Two Rough-legged Hawks and a Golden Eagle were along Highway 125, north of Rand.

Our birding day ended with watching 44+ Greater Sage-Grouse on the Jackson County Road 26b Lek.

April 15

Hayden: Temperatures reached 55 degrees, quite warm of this area.  Winds were 6-7 mph with gusts to 12 mph.

We parked at the 2nd cattle guard up 80 Route.  Shortly after civil twilight, the Dusky Grouse walked out of the willows on the east side of the road!  We scoped the hills and found both Greater Sage-Grouse and Sharp-tailed Grouse.  They were too far away for photos; we headed to the Twenty Road Leks.

Twelve Sharp-tailed Grouse ran around the Twenty Road Leks.  A Vesper Sparrow popped out of the grass behind our car (parked at the pipe gate, see CoBus website for directions:

A detour to the Oxbow State Trust Lands added two Sage Thrashers and three Sagebrush Sparrows to our trip list.

We then rushed to the Dinosaur National Monument.  The California Quail was called just before sunrise!  While not on the Colorado Bird checklist, California Quail have been reported for many years in the Monument.

Our route took us over Douglas Pass (Mesa County).  A stop at one of the old owl boxes found a Northern Saw-whet Owl!

April 16

A warm 74 degrees in Grand Junction, almost hot!  Winds were 17-18 mph with gusts to 36-37 mph.

We arrived at Coal Canyon (Cameo, Mesa County) just before sunrise.  A Chukar ran across the open area just north of the parking area (at the 2nd pipe gate up the canyon).  Other birds observed during the hour stop included Black-throated Sparrows, Rock Wrens, two Pinyon Jays, and Say's Phoebes.

A drive down G Road in Palisade found the previously reported Lewis's Woodpecker.

Back at the eastern (southern) entrance to the Colorado National Monument, we found another Black-throated Sparrow.  No Gray Vireos, Gray Flycatchers or Black-chinned Sparrows lurked about the Devil's Kitchen Trail.  Rock Wren and Canyon Wren were around the Picnic Area.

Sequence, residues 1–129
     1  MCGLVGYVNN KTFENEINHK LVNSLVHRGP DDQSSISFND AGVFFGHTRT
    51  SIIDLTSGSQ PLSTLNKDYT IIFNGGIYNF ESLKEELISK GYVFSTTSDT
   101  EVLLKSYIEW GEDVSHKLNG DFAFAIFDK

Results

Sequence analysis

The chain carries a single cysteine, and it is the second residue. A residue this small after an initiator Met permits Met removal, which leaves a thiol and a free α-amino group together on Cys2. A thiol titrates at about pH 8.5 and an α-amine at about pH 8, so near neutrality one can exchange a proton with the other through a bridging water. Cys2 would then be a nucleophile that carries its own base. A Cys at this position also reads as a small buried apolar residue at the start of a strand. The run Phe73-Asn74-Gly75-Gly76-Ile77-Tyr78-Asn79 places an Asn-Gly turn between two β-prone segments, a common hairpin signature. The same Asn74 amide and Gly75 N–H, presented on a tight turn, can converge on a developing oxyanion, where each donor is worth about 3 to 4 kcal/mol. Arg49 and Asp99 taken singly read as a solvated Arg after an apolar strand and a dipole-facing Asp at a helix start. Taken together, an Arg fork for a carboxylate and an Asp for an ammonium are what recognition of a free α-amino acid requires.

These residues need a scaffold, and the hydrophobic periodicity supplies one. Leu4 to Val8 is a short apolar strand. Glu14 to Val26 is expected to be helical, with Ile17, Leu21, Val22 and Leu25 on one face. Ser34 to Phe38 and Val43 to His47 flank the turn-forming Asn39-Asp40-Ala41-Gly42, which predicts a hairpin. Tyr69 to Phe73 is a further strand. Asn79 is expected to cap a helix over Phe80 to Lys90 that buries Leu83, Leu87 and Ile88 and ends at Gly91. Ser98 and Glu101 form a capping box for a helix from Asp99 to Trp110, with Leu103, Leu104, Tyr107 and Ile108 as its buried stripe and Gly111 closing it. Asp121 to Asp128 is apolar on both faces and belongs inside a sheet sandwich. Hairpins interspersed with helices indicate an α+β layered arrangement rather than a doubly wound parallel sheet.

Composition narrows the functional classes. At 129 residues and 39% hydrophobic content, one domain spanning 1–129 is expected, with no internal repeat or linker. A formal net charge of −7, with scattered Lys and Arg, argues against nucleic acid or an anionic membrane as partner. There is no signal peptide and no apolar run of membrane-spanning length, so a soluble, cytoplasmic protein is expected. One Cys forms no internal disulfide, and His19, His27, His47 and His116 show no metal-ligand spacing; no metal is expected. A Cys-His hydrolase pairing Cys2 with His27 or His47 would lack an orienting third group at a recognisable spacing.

We relocated one of the Black Phoebes near Phoebe Rock at Connected Lakes State Park.

After a late lunch, we headed up the Grand Mesa.  Nothing uncommon was found in the Town of Mesa and we continued south.

The Northern Saw-whet Owl at the switchbacks popped out of its hole when we scraped the tree with a tree limb.

We then continued to the Grand Mesa Visitor's Center to wait until dark for a Boreal Owl search.  

A Northern Goshawk flew across the road when we checked for White-winged Crossbills at the Campgrounds south of the Visitor's Center.

The Boreal Owl near the Visitor's Center last week was not cooperative this night.  We stopped at five pullovers along Hwy 65 during the drive north.  A Boreal Owl was finally found at the first pullover south of the Spruce Grove Campgrounds.

April 17

Switching drivers several times, we drove most of the night to Dove Creek. (Montezuma County).  At first light, we found a Gunnison Sage-Grouse near Coalbed Canyon Wildlife Area.  See May 2018 "Colorado Field Notes" 

Cortez: temperatures reached 59 degrees.  Winds were 14-15 mph with gusts to 30 mph.

Later, we walked Yellow Jacket Canyon.  It took over an hour to find one Lucy's Warbler.  If Paul had not heard it, we would not have found it.  Paul's hearing/ears were amazing!  What a great gift for a birders!

On the way to Durango, we drove through Wildcat Canyon.  The Acorn Woodpeckers are always a reliable find here!